“What differentiates these clients the most is that they want the convenience of technology. They don’t necessarily need face-to-face meetings on a regular basis. They’re more interested in accessibility when they need it,” says Russell, reared in Essex, Vt., who began as a college intern with Convergent’s predecessor firm, Lydian Wealth Management, founded by Lockshin.

Now, “in some ways, my job is being a psychologist to help clients understand the appropriate amount of risk they should be taking,” Russell says. “Younger individuals are very skeptical about investment managers who claim they’re going to beat the market with stock-picking strategies. I help clients understand that we’re managing uncertainty over a long period. Investing isn’t about finding a great deal; it’s about having a plan to reach very specific objectives. If you can’t understand what those are, you’re not going to be successful as an advisor.”

Later this year, Russell and partners are teaming up with Betterment, best known for a Web-based direct-to-consumer investing platform, to kick off a business separate from AdvicePeriod: Betterment Institutional. The new platform is designed for retail advisors to use in investing smaller clients’ assets.

Says Russell: “The [advisory] solution that’s going to win the day will combine a very [robust] technology platform with a human presence.”

The uniquely human traits of trustworthiness and empathy are among Russell’s big strengths.

“Those two are more important than anything else,” he says. “People need to know you’re working for them. In the future, financial advisors are going to have to constantly justify their existence. The lazy ones who aren’t doing much for their clients will be pushed aside and disintermediated by the do-it-yourself options out there.”

Ashley Warne

Financial advisor; Corporate Financial Partners; BD: Raymond James; B.A., University of Southern California 2006; CFP, CDFA

Corporate Financial Partners’ dynamic-duo FAs have been a team for three years now. They have been parent and child for 30.

“My dad introduces me as his partner, and also his daughter,” says Ashley Warne, who one day will take over the family enterprise.

Dad is Philip Warne, who has been an advisor for more than four decades. Ashley joined his independent practice after 18 months in Raymond James’ residential advisor training program in St. Petersburg, Fla.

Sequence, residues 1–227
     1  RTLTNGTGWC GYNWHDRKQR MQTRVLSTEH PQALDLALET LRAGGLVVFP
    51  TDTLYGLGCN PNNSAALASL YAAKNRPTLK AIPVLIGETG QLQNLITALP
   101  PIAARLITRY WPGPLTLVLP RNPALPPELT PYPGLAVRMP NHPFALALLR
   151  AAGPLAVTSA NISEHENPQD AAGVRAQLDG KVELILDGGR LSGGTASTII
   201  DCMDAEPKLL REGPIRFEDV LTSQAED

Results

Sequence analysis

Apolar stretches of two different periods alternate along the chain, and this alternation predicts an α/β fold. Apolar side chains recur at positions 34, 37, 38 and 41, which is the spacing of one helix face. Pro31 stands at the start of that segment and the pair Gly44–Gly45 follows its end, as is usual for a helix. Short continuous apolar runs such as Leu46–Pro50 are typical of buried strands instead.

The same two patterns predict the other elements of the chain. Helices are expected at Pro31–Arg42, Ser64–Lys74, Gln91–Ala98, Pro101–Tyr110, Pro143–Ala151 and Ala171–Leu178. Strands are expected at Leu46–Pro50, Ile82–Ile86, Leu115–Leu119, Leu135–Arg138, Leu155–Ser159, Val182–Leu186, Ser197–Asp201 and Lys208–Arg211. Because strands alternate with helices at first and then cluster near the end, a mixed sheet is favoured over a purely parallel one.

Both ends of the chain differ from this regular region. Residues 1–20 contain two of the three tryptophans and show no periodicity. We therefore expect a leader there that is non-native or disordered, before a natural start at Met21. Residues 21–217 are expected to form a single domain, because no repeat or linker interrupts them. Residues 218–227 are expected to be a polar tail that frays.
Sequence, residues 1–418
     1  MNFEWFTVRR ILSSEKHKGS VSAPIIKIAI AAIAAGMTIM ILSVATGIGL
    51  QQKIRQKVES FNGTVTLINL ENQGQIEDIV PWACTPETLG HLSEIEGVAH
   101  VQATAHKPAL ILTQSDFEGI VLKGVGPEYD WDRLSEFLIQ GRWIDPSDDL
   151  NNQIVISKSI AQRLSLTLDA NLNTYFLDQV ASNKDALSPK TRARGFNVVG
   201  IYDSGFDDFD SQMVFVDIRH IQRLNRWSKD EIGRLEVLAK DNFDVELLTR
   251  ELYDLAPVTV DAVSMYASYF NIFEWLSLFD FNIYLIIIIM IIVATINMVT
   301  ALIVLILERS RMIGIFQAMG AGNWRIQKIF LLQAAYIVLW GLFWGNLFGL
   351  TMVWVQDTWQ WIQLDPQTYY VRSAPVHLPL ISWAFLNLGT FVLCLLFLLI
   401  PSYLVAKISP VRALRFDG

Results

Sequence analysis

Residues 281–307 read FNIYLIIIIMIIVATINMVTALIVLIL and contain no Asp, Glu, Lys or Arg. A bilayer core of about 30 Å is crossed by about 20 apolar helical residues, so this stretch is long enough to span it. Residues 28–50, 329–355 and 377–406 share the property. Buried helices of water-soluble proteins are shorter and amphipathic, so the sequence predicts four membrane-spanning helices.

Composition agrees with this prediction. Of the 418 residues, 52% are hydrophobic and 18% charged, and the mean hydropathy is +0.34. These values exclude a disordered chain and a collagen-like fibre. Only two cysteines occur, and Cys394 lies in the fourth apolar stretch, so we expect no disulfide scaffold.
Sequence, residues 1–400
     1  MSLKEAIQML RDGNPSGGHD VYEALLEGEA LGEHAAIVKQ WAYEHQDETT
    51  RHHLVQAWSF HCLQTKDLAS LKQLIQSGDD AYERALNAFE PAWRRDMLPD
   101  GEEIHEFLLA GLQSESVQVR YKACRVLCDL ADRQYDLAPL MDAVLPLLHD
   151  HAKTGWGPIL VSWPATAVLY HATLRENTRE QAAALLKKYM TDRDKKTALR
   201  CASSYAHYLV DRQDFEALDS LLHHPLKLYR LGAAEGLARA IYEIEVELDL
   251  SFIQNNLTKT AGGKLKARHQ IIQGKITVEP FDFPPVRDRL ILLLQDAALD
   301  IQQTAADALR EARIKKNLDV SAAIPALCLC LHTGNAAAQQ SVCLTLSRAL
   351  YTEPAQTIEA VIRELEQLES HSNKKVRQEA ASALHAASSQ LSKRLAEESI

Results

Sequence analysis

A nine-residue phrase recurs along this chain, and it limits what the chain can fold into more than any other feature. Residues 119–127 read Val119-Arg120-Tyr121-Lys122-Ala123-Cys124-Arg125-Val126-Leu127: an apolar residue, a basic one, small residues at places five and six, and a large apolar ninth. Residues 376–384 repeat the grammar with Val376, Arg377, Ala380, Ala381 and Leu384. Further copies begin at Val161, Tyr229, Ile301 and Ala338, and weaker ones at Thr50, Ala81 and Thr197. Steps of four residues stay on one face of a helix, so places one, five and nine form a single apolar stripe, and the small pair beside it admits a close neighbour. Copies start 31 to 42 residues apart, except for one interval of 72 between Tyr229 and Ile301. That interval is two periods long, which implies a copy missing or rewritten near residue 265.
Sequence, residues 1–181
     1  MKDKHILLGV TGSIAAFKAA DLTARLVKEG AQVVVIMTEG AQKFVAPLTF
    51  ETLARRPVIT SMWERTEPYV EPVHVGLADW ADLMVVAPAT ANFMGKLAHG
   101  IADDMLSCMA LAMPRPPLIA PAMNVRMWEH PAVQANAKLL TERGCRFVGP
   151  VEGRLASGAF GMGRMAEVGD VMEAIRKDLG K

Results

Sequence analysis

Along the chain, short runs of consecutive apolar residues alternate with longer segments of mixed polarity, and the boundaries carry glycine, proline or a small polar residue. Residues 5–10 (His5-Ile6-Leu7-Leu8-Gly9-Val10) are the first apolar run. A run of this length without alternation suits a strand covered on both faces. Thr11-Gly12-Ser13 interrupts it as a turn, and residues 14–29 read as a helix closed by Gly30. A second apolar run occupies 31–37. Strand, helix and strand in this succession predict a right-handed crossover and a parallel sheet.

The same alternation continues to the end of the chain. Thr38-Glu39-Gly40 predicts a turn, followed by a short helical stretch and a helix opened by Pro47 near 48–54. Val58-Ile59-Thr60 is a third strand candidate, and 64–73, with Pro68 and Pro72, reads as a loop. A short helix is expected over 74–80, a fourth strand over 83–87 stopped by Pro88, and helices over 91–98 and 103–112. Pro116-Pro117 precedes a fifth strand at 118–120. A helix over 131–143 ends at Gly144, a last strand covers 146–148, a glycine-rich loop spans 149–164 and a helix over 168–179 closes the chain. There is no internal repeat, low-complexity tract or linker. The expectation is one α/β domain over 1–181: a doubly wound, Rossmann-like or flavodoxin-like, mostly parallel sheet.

Right now, the two work in tandem on all accounts: a diverse group of corporations and high-net-worth entrepreneurial individuals.

“My dad has been a great mentor. He immediately threw me into the fire on every case because he knows that nothing takes the place of human interaction and helping clients through the process,” notes Warne, a Los Angeles native.

As a young, female advisor, she has allowed neither youth nor gender to get in the way of forging a career.

“When I go to conferences, there aren’t a lot of people there that look like me—they all look like my dad,” she says. “I don’t pretend to be a 65-year-old man; I’m comfortable being a 30-year-old woman. But I take the business as seriously as an older advisor would.”

Why aren’t more young folks flowing into the advisory business?

Warne thinks it’s because “people studying finance [in school] aren’t even sure what being a financial advisor is about. They think it’s, maybe, a lot of sales and pushing product. They don’t know it’s about relationships. Being an advisor is growing with people, their families, their businesses. You become a critical part of someone’s life and travel the road with them,” she says. “It’s certainly a great business for young women.”

Rather than zeroing in on potential clients of her own generation exclusively, Warne, who holds the certified divorce financial analyst (CDFA) certification, prospects broadly.

“I’m going where the money is and where the needs are,” she stresses. “But I do have some younger clients. Many single people in their 30s who are making quite a bit feel they should be doing something with their money. They’re getting ‘pushed information’ from the Internet and seeing ideas on Twitter. So they’re curious.”

Sidebar: Advisory Help Wanted

At a time when baby boomers require critical advice, 32% of the nation’s FAs plan to leave the business over the next decade, according to Cerulli Associates research.

The need for advisors—especially younger ones—is particularly acute in the independent BD channel, which versus others, has the highest percentage of FAs over age 65 and only 6% of FAs younger than 35, Cerulli reports.

The good news is that in 2014 “Financial Advisor” made Kiplinger’s list of “10 Best Jobs” in the country for a second year in a row, drawing on U.S. Bureau of Labor Statistics 10-year employment projections.

What’s more, the list ranks FA as the job with the second-highest earnings potential. (No. 1 Best Job? Health specialties professor.)